Many studies have demonstrated the effects of host diet on gut microbial membership, metagenomics, and fermentation individually; but few have attempted to interpret the relationship among these biological phenomena with respect to host features (e.g. gut morphology). We quantitatively compare the fecal microbial communities, metabolic pathways, and fermentation products associated with the nutritional intake of frugivorous (fruit-eating) and folivorous (leaf-eating) lemurs. Our results provide a uniquely multidimensional and comparative perspective on the adaptive dynamics between host and microbiome...
November 28, 2017: Gut Microbes
https://www.readbyqxmd.com/read/29166633/range-extension-and-behavioural-observations-of-the-recently-described-sheth-s-dwarf-lemur-cheirogaleus-shethi
#15
Daniel Hending, Angelo Andrianiaina, Zafimahery Rakotomalala, Sam Cotton
Sheth's dwarf lemur, Cheirogaleus shethi, is a small, recently discovered nocturnal primate endemic to northern Madagascar. Unlike many other nocturnal lemurs, C. shethi lives sympatrically with morphologically similar species of its cryptic genus, making it difficult for biologists to determine its population density and distribution. Here, we present new data and observations of this species. During a series of rapid biodiversity assessments in the SAVA region of north-eastern Madagascar, we observed C. shethi in 10 different sites, 9 of which were not previously known to harbour C...
November 23, 2017: Folia Primatologica; International Journal of Primatology
https://www.readbyqxmd.com/read/29145861/hybrid-de-novo-genome-assembly-and-centromere-characterization-of-the-gray-mouse-lemur-microcebus-murinus
#16
Peter A Larsen, R Alan Harris, Yue Liu, Shwetha C Murali, C Ryan Campbell, Adam D Brown, Beth A Sullivan, Jennifer Shelton, Susan J Brown, Muthuswamy Raveendran, Olga Dudchenko, Ido Machol, Neva C Durand, Muhammad S Shamim, Erez Lieberman Aiden, Donna M Muzny, Richard A Gibbs, Anne D Yoder, Jeffrey Rogers, Kim C Worley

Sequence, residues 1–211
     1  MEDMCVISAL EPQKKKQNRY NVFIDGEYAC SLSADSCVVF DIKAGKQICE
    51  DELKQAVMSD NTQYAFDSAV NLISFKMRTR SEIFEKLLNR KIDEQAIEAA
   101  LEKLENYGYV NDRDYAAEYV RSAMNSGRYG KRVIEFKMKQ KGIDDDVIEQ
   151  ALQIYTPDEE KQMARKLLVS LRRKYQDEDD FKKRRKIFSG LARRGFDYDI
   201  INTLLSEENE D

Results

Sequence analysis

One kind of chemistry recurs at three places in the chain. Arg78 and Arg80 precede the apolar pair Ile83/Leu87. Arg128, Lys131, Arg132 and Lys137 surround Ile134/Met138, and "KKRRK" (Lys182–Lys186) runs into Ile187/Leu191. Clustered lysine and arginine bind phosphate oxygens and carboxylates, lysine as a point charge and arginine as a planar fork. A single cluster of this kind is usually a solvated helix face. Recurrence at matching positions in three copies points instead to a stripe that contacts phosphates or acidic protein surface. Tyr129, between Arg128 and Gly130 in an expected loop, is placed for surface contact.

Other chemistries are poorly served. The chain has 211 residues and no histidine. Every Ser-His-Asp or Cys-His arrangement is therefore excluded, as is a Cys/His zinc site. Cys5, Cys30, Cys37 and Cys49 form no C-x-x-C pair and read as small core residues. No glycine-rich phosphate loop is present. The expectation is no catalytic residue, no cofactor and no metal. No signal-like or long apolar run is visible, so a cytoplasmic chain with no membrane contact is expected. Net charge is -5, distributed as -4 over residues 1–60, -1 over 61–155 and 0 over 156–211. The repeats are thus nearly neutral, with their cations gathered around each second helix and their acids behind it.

BACKGROUND: The de novo assembly of repeat-rich mammalian genomes using only high-throughput short read sequencing data typically results in highly fragmented genome assemblies that limit downstream applications. Here, we present an iterative approach to hybrid de novo genome assembly that incorporates datasets stemming from multiple genomic technologies and methods. We used this approach to improve the gray mouse lemur (Microcebus murinus) genome from early draft status to a near chromosome-scale assembly...
November 16, 2017: BMC Biology
https://www.readbyqxmd.com/read/29140563/-stink-flirting-in-ring-tailed-lemurs-lemur-catta-male-olfactory-displays-to-females-as-honest-costly-signals
#17
Amber D Walker-Bolton, Joyce A Parga
Sexual selection for honest behavioral displays of quality has driven the development of remarkably complex courtship behavior in many animal species. Olfactory displays are often overlooked as an area of inquiry compared to auditory and visual displays. Ring-tailed lemur (Lemur catta) scent marking of substrates has been studied extensively, although the male olfactory displays of anointing and wafting tails to females has received relatively little attention. We studied the role of male olfactory displays to females, evaluating whether such signals function as honest, costly signals of male dominance status in two groups of wild L...